An organization which advocates for the rights of people with disabilities has sued Uber, asking a federal judge to order the popular ridesharing service to provide equivalent levels of service to those with non-folding motorized wheelchairs as it does for people without such mobility disabilities.
On Thursday, Oct. 13, Access Living of Metropolitan Chicago filed suit in Chicago federal court, alleging the transportation services provided in Chicago by the company formally known as Uber Technologies violates the Americans with Disabilities Act.
Access Living has asked the court to declare Uber a “public accommodation” under the ADA, and to order the company to ensure those with disabilities requiring the use of motorized wheelchairs can always have access to an Uber driver that can accommodate their needs, using the same response times, service areas, reservations capability and pricing as is provided to those without disabilities.
“Uber claims its services are not subject to the ADA, and its service to people who require wheelchair accessible vehicles ranges from token to non-existent,” Access Living stated in its lawsuit. “That position threatens a return to the isolation and segregation that the disability rights movement has fought to overcome. This action seeks a declaration that the ADA requires Uber to provide equal access to people with disabilities, and to require that Uber provide service to those who require wheelchair accessible vehicles.”
According to Access Living’s complaint, the group, along with its allies and supporters, succeeded in recent years to secure language inserted into Chicago’s city ordinance governing taxi drivers to require the city’s cab companies to sharply increase the number of wheelchair-accessible taxis operating on the city’s streets in coming years and decades.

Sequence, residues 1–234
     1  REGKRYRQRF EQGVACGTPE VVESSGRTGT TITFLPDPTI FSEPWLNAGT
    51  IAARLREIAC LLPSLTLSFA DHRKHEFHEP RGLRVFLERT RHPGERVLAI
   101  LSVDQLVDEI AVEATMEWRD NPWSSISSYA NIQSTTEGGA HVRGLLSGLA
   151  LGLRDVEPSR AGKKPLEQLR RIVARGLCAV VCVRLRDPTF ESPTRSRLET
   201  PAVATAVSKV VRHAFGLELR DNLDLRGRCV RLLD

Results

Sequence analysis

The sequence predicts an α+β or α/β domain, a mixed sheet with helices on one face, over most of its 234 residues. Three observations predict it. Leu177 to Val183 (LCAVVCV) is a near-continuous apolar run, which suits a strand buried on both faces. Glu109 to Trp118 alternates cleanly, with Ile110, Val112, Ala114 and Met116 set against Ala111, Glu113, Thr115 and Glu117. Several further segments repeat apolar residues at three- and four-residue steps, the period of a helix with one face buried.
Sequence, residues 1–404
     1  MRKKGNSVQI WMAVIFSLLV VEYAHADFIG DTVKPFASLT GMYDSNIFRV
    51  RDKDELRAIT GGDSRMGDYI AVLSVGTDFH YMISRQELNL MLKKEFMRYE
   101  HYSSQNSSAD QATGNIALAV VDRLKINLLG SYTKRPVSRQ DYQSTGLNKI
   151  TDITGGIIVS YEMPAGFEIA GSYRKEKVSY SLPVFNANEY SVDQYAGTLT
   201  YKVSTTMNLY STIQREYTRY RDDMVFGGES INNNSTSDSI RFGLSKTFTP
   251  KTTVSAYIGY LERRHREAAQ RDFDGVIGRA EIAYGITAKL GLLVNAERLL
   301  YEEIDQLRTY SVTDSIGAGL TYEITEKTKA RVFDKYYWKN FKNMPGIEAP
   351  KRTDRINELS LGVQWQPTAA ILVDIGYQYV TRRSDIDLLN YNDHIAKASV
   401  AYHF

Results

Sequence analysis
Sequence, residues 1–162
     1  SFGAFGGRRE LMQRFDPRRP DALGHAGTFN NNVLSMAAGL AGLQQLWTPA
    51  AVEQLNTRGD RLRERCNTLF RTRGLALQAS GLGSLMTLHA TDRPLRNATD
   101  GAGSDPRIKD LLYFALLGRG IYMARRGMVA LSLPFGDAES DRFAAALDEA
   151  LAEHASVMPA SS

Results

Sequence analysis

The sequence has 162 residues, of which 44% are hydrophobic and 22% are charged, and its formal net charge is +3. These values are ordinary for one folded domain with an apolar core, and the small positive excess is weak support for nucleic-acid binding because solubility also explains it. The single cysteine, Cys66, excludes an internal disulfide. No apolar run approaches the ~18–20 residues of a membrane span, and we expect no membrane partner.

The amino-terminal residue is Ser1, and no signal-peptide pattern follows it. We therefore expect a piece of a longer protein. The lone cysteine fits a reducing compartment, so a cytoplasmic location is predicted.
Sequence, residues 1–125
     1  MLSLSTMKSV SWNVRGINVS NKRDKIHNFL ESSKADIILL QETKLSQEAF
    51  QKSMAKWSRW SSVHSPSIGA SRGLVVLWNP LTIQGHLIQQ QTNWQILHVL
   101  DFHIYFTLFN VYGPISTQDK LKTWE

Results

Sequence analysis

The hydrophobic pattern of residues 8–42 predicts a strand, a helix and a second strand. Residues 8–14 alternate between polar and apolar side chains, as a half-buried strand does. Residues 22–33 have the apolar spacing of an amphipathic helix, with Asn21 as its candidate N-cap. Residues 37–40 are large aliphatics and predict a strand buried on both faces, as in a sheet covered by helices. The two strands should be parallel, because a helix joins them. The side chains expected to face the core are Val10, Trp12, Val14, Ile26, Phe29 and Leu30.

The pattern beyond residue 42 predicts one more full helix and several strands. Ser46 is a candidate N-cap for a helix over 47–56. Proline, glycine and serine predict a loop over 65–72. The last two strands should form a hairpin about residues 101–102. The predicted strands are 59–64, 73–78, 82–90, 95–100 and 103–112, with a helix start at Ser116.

However, Access Living said at the same time, the arrival and surge in the use of Uber and similar ridesharing services has significantly impacted the taxi industry, causing the number of taxis to decline as Uber and its similar competitors gain popularity with riders, and eat away at the share of consumer transportation dollars steered toward traditional taxi services.
In its lawsuit, Access Living noted the number of taxis in operation in Chicago declined from 6,899 in 2013 to just 6,222 at the end of 2015. At the same time, the number of rides provided by Uber alone surged from 1.7 million in April 2015 to more than 1.93 million in June 2015.
Despite all those millions of riders, however, Access Living alleged Uber provided “just 14 rides to motorized wheelchair users requiring wheelchair accessible vehicles” over four years from September 2011 to August 2015.
Access Living said it had asked the city of Chicago to require Uber to provide services to support wheelchair-accessible service under an ordinance regulating ridesharing services. However, Uber resisted that requirement, and it was not included in the approved ordinance.
Access Living said it then met with Uber, and requested Uber provide the service voluntarily, and do so under similar response times and pricing provided to those without disabilities. Access Living said Uber refused.
Under its business model, Uber does not own the vehicles its drivers use nor does it mandate when drivers must work. Rides are arranged using the company’s smartphone app. However, the company does set certain requirements for vehicles used by its drivers, including certain size and capacity requirements for certain levels of service and requirements that the vehicle pass certain inspections.
Uber also sets “minimum requirements for its drivers’ age, experience, licensing and driving records,” the lawsuit noted.
Yet, according to the lawsuit, Uber at certain times may offer no vehicles in the city of Chicago for the use of people with disabilities requiring motorized wheelchairs.
Plaintiffs in the lawsuit include Access Living itself, as well as two of its employees and a board member, each of whom require motorized wheelchairs and said they believed Uber’s service was inaccessible to them.
Access Living is represented in the action by attorneys with the firm of Much Shelist P.C., of Chicago, as well as their own in-house counsel.